distillation

Whisky Waffle Podcast Episode 11

We’re back with another semi-drunken rambling… I mean podcast!

This episode contains:
– The Waffle, where we discuss gear! That is, distillation gear!
– The whisky, where we look at a fancy blend which we don’t know how to pronounce; and
– Mystery Whisky where Ted guesses every location except for the one the whisky is actually from!

 

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Miyagikyo 12 Year Old

Posted by: Ted

Nikka Miyagikyo whisky waffle

More Japanese whisky? Bring it on! For your delectation (or mine rather, seeing as I’m the one drinking it. Go find your own) we have another drop from Nikka, one of the two big players in the Japanese whisky market.

Because Japan is a collection of islands, Nikka and its rival Suntory each own a bunch of distilleries scattered around the archipelago, with each providing its own special character and techniques.

Miyagikyo distillery is based in Sendai on Honshu, the largest of the islands. The distillery was founded by the legendary Japanese whisky maker Masataka Taketsuru. Quite unusually, Miyagikyo apparently makes both single malts and grain whiskies at their site.

The peculiarities don’t stop there. According to Nikka, Miyagikyo uses steam heat distillation to create their product, a process where steam is introduced into the distillation apparatus to carry the volatised compounds into the condensation flask. Whether this changes the flavour in any significant way I will leave up to you.

On the nose the Miyagikyo has that hot and sour Japanese vibe, like honey and lemon tea with a hint of ginger. As it first enters your mouth the spirit is silky smooth, quickly turning dry and dustily spicy. Pepper, caramel, metal, sour plum (which seems to be a common factor in Japanese drams) and lemon drops crawl fuzzily across the tongue. Tartness and sweetness make well balanced bed-fellows.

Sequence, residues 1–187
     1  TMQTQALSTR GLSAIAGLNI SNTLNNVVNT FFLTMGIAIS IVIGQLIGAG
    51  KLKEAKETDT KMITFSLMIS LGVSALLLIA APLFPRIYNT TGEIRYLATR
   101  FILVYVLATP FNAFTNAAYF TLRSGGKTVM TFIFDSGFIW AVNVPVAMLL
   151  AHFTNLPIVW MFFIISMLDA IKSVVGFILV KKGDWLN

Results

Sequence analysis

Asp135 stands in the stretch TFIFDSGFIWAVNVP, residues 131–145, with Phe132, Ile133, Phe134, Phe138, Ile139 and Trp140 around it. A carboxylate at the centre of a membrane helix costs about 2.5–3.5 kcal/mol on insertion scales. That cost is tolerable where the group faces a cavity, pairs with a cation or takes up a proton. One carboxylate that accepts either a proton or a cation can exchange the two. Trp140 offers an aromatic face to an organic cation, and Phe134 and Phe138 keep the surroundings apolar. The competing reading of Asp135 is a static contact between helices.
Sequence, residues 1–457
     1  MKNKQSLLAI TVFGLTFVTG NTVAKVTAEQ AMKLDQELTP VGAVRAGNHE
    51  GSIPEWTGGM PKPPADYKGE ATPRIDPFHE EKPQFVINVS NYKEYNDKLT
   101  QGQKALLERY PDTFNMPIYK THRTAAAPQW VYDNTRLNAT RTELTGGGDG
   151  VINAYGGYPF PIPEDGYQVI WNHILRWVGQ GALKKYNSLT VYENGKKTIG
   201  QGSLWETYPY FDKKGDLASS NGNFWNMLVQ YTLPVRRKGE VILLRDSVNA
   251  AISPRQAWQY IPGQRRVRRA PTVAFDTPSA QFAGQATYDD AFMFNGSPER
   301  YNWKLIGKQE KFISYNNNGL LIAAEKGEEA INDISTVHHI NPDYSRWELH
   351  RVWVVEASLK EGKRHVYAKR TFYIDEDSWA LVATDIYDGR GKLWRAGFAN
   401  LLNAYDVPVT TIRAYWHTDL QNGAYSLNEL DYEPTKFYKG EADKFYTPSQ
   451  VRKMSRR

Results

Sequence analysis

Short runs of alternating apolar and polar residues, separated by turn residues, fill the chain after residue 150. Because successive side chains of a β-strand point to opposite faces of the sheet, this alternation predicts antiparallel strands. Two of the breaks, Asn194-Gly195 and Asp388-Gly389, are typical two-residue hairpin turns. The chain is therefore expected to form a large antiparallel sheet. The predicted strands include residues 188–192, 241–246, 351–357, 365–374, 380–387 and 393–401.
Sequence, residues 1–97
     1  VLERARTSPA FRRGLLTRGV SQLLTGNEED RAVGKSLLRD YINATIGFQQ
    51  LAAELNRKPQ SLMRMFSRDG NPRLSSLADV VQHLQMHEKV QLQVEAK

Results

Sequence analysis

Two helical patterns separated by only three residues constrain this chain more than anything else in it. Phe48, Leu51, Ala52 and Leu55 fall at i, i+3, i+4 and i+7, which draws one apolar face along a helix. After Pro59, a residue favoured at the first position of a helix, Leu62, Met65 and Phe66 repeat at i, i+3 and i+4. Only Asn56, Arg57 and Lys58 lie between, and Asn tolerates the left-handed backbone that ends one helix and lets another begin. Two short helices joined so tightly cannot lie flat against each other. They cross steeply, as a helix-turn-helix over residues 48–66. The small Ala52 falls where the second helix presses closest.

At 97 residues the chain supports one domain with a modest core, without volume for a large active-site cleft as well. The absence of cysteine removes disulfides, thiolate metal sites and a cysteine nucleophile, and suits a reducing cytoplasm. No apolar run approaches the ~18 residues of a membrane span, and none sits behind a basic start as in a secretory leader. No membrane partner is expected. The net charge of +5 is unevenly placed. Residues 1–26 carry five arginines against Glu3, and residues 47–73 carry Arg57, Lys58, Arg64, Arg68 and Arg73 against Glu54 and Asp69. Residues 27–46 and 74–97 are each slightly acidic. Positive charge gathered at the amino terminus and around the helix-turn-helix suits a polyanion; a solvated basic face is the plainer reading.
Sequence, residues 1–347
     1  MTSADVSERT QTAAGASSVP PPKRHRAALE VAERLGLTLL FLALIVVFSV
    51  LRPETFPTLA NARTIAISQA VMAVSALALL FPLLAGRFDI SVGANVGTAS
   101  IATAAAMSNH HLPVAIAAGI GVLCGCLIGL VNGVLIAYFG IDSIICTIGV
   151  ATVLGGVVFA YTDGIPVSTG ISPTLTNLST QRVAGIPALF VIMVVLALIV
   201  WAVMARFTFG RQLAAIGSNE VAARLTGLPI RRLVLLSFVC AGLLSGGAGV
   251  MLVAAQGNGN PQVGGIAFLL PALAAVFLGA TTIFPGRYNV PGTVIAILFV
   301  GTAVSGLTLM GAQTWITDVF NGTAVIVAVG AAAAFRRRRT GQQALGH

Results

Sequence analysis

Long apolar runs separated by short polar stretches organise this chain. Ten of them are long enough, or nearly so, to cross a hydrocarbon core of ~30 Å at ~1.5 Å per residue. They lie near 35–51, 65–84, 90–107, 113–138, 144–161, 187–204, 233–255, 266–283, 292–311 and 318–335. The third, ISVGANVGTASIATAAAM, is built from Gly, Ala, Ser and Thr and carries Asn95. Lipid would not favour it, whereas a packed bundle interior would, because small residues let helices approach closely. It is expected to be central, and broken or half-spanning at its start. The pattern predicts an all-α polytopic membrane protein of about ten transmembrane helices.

The Miyagikyo is a very laid back Japanese drop. Probably something best drunk while contemplating the universe in a garden of falling cherry blossom.

Rising Sun spirit/

Tranquil Miyagikyo flows/

The zen of amber/

★★★

Auchentoshan 12 Year Old

Reviewed by: Nick

Auchentoshshan 12 Year Old

The Highlands. It sounds so impressive. Wild, rugged, windswept, untamed and undeniably Scottish. The Lowlands, on the other hand, does not sound nearly as awe-inspiring. Likewise, single malts from this region do not receive the same levels of celebration and esteem their more northerly counterparts enjoy. They lack a leader, a distillery to stand up and act as a champion for the area. Auchentoshan, just outside of Glasgow, could well be that champion.

Auchentoshan, Gaelic for ‘the corner of the field’, are unique among (nearly) all Scottish distilleries in the sense that they distil their spirit three times. Most Scottish distilleries perform this process only twice; triple distillation is actually the norm in Ireland. This method leads to, at least according to the Auchentoshan marketing team, a purer, smoother spirit.

The unique creation of this whisky certainly leads to a distinct flavour and this is immediately noticeable on the nose. It is pleasantly sweet with hints of vanilla and caramel combining to form the aromas of crème brûlée. There is also a zesty lemon scent, followed closely by pecans and walnuts. Once encountered it is never forgotten: it is simply the Auchentoshan nose.

The interesting flavours continue on the palate, which is medium bodied and spicy. There is a pleasant candied orange taste and the overall effect is very smooth and elegant, perhaps a legacy of the triple distillation process.

The finish is undoubtedly the most disappointing element of the dram. After the flavours initially combine so effectively they rapidly fade away to almost nothing. It is reminiscent of a movie with a disappointingly easy resolution (spoiler alert: I’m looking at you Indiana Jones and the Kingdom of the Crystal Skull). It’s smooth and enjoyable, just not long lasting and memorable. Perhaps another trait of the triple distillation? Or a quality you will have to buy the older expressions to discover?

Regardless, Auchentoshan is a must try for any whisky drinker – if only so they can say they have tasted something from the not so impressive-sounding Lowlands.

★★★